The Story of Our Lives
July 27, 2011 § 1 Comment
Three times this year I’ve attempted to watch a collection of short films that have suddenly turned dark, gruesome or just extremely uncomfortable. I suppose the brevity of the short film allows directors to pack in more violence than what feature-length film-goers could take in, but it’s still not what I want to see.
To make up for my disappointment, I turned to one of my favorite animated short films, The Danish Poet, posted below in two 7 min. increments (these have Spanish subtitles – you can practice your skills while you watch. Thanks, youtube, for all the culture you offer.):
It’s a (mostly) delightful story of how one came to be and all that could have gone a different way, all the major and minor happenings that end up changing not just your life, but the lives of those around you and generations to come. The poet Jacqueline Berger explores a similar theme in her poem below.
Why I’m Here
Because my mother was on a date
with a man in the band, and my father,
thinking she was alone, asked her to dance.
And because, years earlier, my father
dug a foxhole but his buddy
sick with the flu, asked him for it, so he dug
another for himself. In the night
the first hole was shelled.
I’m here because my mother was twenty-seven
and in the ’50s that was old to still be single.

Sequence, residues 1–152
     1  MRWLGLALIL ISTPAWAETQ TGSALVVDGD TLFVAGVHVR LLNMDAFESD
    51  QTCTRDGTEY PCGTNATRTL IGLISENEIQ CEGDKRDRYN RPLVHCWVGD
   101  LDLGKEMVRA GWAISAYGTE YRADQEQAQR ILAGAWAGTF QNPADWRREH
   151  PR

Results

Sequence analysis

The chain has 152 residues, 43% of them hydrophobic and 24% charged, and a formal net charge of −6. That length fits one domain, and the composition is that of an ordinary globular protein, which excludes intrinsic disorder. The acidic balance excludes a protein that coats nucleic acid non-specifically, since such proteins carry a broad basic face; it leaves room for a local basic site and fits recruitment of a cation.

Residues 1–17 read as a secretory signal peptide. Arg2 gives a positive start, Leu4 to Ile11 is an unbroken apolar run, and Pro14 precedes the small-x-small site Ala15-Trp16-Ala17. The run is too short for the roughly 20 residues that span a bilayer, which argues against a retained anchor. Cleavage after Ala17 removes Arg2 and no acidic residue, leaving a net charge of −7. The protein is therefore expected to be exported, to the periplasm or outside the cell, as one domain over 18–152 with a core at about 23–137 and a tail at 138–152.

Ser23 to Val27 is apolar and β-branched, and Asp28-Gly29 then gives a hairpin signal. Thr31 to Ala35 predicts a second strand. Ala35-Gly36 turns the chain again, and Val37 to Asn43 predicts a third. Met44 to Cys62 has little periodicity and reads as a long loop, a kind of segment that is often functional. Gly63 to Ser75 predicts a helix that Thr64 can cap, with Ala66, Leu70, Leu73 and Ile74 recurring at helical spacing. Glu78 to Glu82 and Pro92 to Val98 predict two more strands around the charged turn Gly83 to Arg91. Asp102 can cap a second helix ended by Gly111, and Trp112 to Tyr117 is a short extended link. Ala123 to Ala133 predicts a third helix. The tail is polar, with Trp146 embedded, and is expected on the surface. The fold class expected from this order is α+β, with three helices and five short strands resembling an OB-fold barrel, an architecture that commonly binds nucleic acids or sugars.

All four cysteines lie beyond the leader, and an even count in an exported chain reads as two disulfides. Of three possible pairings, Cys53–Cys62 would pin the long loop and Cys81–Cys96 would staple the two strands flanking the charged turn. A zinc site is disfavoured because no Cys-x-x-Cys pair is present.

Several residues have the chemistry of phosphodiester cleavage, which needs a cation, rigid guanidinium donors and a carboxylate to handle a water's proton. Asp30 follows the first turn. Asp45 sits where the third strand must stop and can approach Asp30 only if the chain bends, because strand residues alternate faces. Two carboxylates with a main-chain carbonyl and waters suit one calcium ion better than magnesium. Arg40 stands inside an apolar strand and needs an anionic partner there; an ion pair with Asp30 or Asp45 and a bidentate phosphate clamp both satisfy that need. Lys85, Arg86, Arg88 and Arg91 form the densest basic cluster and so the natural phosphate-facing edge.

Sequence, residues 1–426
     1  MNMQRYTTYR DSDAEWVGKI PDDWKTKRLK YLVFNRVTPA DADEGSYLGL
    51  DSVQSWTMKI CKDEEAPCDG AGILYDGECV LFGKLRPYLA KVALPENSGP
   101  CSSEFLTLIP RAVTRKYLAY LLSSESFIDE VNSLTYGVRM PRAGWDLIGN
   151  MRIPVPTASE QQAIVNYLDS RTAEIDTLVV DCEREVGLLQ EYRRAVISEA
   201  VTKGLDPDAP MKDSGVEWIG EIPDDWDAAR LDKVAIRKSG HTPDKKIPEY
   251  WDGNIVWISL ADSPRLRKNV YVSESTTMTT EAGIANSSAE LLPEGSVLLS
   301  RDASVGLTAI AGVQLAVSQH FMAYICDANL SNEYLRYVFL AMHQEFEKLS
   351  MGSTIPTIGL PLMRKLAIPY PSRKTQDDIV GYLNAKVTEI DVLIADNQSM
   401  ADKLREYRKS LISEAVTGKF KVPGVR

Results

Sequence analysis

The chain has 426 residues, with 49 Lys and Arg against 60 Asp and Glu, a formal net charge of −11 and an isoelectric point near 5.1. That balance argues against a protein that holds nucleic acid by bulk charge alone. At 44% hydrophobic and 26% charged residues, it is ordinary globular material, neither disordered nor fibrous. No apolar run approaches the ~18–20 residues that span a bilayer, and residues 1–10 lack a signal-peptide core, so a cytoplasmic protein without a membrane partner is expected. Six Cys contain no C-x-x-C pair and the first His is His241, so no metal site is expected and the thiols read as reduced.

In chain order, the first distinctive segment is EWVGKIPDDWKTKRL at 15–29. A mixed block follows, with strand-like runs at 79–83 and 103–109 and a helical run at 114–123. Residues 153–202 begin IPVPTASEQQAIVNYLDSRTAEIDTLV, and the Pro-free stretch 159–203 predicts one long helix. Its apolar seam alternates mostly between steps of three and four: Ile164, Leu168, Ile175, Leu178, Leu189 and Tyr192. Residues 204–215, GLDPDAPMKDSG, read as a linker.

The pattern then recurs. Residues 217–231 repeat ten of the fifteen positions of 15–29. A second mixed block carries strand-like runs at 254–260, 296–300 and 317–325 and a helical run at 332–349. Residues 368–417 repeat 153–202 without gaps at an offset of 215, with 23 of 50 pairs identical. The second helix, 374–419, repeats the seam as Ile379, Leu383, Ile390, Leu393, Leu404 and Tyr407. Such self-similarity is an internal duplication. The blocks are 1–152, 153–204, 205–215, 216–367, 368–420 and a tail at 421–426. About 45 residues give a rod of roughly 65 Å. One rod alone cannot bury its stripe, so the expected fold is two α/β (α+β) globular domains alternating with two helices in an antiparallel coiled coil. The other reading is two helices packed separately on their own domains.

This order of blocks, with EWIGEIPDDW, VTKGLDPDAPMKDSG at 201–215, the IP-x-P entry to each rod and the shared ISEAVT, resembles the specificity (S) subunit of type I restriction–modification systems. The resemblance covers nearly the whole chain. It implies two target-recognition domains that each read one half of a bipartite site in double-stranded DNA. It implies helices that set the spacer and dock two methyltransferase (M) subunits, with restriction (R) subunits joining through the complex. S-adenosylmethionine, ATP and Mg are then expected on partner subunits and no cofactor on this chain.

And because my father wouldn’t work on weapons,
though he was an atomic engineer.
My mother, having gone to Berkeley, liked that.
My father liked that she didn’t eat like a bird
when he took her to the best restaurant in L.A.
The rest of the reasons are long gone.
One decides to get dressed, go out, though she’d rather
stay home, but no, melancholy must be battled through,
so the skirt, the cinched belt, the shoes, and a life is changed.
I’m here because Jews were hated
so my grandparents left their villages,
came to America, married one who could cook,
one whose brother had a business,
married longing and disappointment
and secured in this way the future.
It’s good to treasure the gift, but good
to see that it wasn’t really meant for you.
The feeling that it couldn’t have been otherwise
is just a feeling. My family
around the patio table in July.
I’ve taken over the barbequing
that used to be my father’s job, ask him
how many coals, though I know how many.
We’ve been gathering here for years,
so I believe we will go on forever.
It’s right to praise the random,
the tiny god of probability that brought us here,
to praise not meaning, but feeling, the still-warm
sky at dusk, the light that lingers and the night
that when it comes is gentle.
These stories–both on a personal level and on a national/ethnic level–are amazing, looking back at all the specific and intricate movements that brings one to the present. It’s what draws sci-fi writers to play with multiple worlds, the world that splits off at each new decision, exploring all possible outcomes. But I like even more the idea of telling your own story through the actions and inactions of others. It complements Jacqueline’s perspective in the end: your own story isn’t really about you.